“That was alright, wasn’t it?” seemed to be the reaction around my way to The Eaters of Light. Indeed, this has been a pretty alright series so far, and as we head into the finale, the penultimate story delivers more than enough to keep us interested.

I had a few issues with the camera work at times – subtle things that, once I’d noticed, couldn’t stop noticing – but generally, this was a well thought out and well executed story. It had the feel of a classic era story at times – The Stones of Blood springs to mind immediately – and that should come as no surprise. The Eaters of Light sees the return of Rona Munro, who also wrote Survival, the final episode of the classic series, and a personal favourite.

Roman Around

The setting of Romans in Scotland was exciting to say the least. It’s an interesting part of history and many will see parallels to more recent political issues. The costumes, makeup, and atmosphere were effective and well executed. The revelation that the Roman legion was made up of people no older than eighteen again brought home realities of war and empire too often overlooked.

This episode does a lot to tackle questions about the nature of empire and the defence of a homeland. With the Romans invading, pillaging, and destroying all in their path, what can the Picts do but fight with whatever they have? But how far is too far? What happens when defending your home threatens the entire universe? How high is the cost of fighting off an oppressive force?

The only part of this story that jarred with me was, I have to admit, the motivation of Bill at the beginning. Her interest in Roman history hasn’t really come up before – unless it was in the background once and I missed it. Ordinarily I wouldn’t take much notice, except this felt irritatingly familiar.

Cast your minds back to The Pandorica Opens, where Amy Pond suddenly announced a lifelong obsession with Romans. Again, I, along with much of the audience, hadn’t seen this before. To be fair to The Eaters of Light, though, it doesn’t become a central issue and comes across as more of an academic argument that probably started that morning. I would have loved to see that, actually, perhaps Bill and the Doctor arguing over the essay in question.

Pict your battles

The Picts are a great set of characters here. Kar, the Keeper of the Gate (which sounds like a good old school Doctor Who story in itself), grows into a very sympathetic character. Again, the thrust of this story seems to be that it is the young who suffer in these wars, who must carry on the conflicts they did not start.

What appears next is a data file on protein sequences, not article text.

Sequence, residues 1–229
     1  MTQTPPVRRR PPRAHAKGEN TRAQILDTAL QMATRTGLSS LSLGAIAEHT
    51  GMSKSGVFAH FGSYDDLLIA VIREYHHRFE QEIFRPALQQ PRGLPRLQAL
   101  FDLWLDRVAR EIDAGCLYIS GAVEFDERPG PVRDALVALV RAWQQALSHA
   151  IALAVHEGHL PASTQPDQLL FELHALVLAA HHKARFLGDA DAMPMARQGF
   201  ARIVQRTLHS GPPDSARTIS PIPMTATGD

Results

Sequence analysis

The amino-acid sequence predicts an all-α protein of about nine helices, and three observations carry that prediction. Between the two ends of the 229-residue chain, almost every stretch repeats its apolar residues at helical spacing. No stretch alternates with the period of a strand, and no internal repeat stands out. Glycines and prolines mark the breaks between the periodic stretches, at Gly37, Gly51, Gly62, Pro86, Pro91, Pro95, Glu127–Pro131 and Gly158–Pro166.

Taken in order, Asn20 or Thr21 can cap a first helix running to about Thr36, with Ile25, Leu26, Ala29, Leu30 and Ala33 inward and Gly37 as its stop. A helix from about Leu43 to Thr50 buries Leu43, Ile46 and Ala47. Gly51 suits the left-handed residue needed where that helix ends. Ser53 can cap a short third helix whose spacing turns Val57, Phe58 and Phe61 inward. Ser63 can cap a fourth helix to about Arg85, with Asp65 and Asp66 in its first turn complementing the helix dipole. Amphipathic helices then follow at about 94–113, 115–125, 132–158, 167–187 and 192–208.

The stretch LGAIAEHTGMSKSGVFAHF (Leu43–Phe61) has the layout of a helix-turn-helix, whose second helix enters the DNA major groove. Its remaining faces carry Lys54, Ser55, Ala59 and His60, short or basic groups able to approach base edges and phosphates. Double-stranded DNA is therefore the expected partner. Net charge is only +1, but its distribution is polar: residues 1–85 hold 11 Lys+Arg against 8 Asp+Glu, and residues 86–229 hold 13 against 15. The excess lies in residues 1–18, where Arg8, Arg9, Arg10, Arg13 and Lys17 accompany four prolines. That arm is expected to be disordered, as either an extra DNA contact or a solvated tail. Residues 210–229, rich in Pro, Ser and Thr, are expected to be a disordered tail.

The Doctor is somewhat hostile and condescending to them for most of the episode, which didn’t really jive with the softer, more human Doctor that has been developing over the series. It did lead me to wondering if Missy was having an effect on him, rather than the other way around.

Kar gives an impassioned speech about the Romans and their empire, laying out the major negative impact they had on their surroundings. Despite the Doctor’s suggestions of indoor plumbing, the human cost is plain in her face and words. Rebecca Benson puts in a stellar performance and more or less stole the show for me, running the gambit of emboldened leader, to frightened teenager. Somebody thrust into a position of power before their time, and yet taking it on nonetheless and doing everything they can.

Monster Mash

The Eaters of Light, these ‘Light Eating Locusts’, are kept in the shadows for the most part. And yet the episode is full of colour and brightness. Indeed, this episode felt very well balanced in terms of colour saturation and that was a welcome move.

Doctor Who has a long tradition of monsters whose visage and exact nature are kept somewhat vague. This is no exception and the monster seems to be little more than a plot device to get the two cultures to come together to fight it. That’s not a major criticism as that’s fairly par for the course in Doctor Who.

There is something of a possible message to be had from it, though I admit it is something of a stretch. This creature eats light, plunging worlds and realities into darkness. It survives at the expense of other worlds, it expands as others are destroyed, not unlike how an empire grows. Light could also be seen in a metaphorical sense. The light could be knowledge, or understanding. Therefore the episode could be seen as a call to resist those who would have us live in darkness.

Next week, grab your stick-on goatees and cyber hats! It looks like things are about to go down!